Coccidioides immitis

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Coccidioides immitis

[‚käk·sid·ē¦ȯi‚dēz i′mīd·əs or i′mēd·əs]
(medicine)
A mold primarily found in desert soil that converts into spherules containing endospores when growing within the body and that causes coccidioidomycosis or San Joaquin valley fever.
McGraw-Hill Dictionary of Scientific & Technical Terms, 6E, Copyright © 2003 by The McGraw-Hill Companies, Inc.
References in periodicals archive ?
Fungal lung infections in immunocompromised individuals are caused predominantly by Pneumocystis, Cryptococcus, Aspergillus, Blastomyces, Coccidioides, Histoplasma, Mucor, and rarely, Candida organisms.
Cal/OSHA's investigation found that Underground Construction did not evaluate the hazard of performing digging work in areas known to contain the coccidioides fungal spores.
Valley fever is caused by inhalation of Coccidioides spores, and even one spore can cause disease (Huang, Bristow, Shafir, & Sorvillo, 2012).
Coccidioidomycosis, also known as Valley fever, is a disease of growing public health concern and is caused by 2 closely related fungal species, Coccidioides immitis and C.
A rather rare finding in pulmonary imaging, the cavity formation may result from bacterial infections such as microaerophilic streptococci, viridans streptococci, Klebsiella pneumoniae, Staphylococcus aureus, Pseudomonas aeruginosa, Haemophilus influenzae, Acinetobacter species, Escherichia coli, Legionella species, Fusobacterium necrophorum, Nocardia asteroides, mycobacteria such as Mycobacterium tuberculosis, nontuberculous mycobacteria and Mycobacterium avium complex, fungi such as Cryptococcus neoformans, Coccidioides, Aspergillus and mucormycosis, parasites such as Paragonimus westermani and Echinococcus genus, and viral infections such as papilloma virus [1,2].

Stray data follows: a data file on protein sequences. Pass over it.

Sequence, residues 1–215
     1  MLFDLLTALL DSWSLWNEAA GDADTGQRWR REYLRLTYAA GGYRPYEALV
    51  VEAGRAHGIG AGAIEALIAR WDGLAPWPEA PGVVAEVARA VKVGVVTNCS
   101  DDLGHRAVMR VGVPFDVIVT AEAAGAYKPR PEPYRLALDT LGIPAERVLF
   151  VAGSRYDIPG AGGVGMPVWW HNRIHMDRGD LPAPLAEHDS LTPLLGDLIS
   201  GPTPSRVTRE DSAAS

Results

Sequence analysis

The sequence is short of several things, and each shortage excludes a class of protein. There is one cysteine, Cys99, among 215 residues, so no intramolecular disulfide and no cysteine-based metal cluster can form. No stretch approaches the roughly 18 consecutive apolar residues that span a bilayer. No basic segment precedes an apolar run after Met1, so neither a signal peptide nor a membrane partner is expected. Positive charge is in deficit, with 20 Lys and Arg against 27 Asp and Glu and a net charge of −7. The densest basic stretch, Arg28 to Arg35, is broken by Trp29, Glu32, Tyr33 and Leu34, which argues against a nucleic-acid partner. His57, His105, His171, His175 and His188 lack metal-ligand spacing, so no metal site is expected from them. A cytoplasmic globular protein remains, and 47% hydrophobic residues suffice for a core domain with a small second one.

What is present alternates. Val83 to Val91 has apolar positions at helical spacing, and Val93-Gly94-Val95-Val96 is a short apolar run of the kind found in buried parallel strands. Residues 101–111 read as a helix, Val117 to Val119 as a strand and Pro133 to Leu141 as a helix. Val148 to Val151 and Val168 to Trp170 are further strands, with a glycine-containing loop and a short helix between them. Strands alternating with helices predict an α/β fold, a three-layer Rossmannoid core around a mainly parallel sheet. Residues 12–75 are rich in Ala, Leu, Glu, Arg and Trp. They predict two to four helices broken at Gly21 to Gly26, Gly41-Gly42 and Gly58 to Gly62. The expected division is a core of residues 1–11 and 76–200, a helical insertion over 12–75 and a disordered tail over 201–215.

Coccidioidomycosis (Valley fever) is an infectious disease caused by inhalation of Coccidioides spores; approximately 40% of infected persons experience signs and symptoms including fever, cough, fatigue, chest pain, shortness of breath, and rash.
Effects of recombinant gamma interferon and tumor necrosis factor on in-vitro interactions of human mononuclear phagocytes with Coccidioides immitis.
Five days after bronchoscopy, Coccidioides antibody by complement fixation (CF) assay returned positive at 1:8, Coccidioides IgM by enzyme-linked immunosorbent assay (ELISA) was positive, and Coccidioides IgG by ELISA was negative.
Coccidioidomycosis, commonly referred to as valley fever, is caused by Coccidioides immitis and Coccidioides posadasii, two nearly identical species of pathogenic fungi most commonly found in southern Arizona, central California, southern New Mexico, and West Texas.
Blood and sputum cultures, autoimmune serologic tests, and serologic tests for Coccidioides and Cryptococcus were negative.
The fungal conidia were round structures approximately 30-40 micrometers in diameter with 2 micrometers of thick pale basophilic cell walls and heterogeneous amorphous pale amphophilic central material, consistent with immature Coccidioides immitis spherules (Figure 1).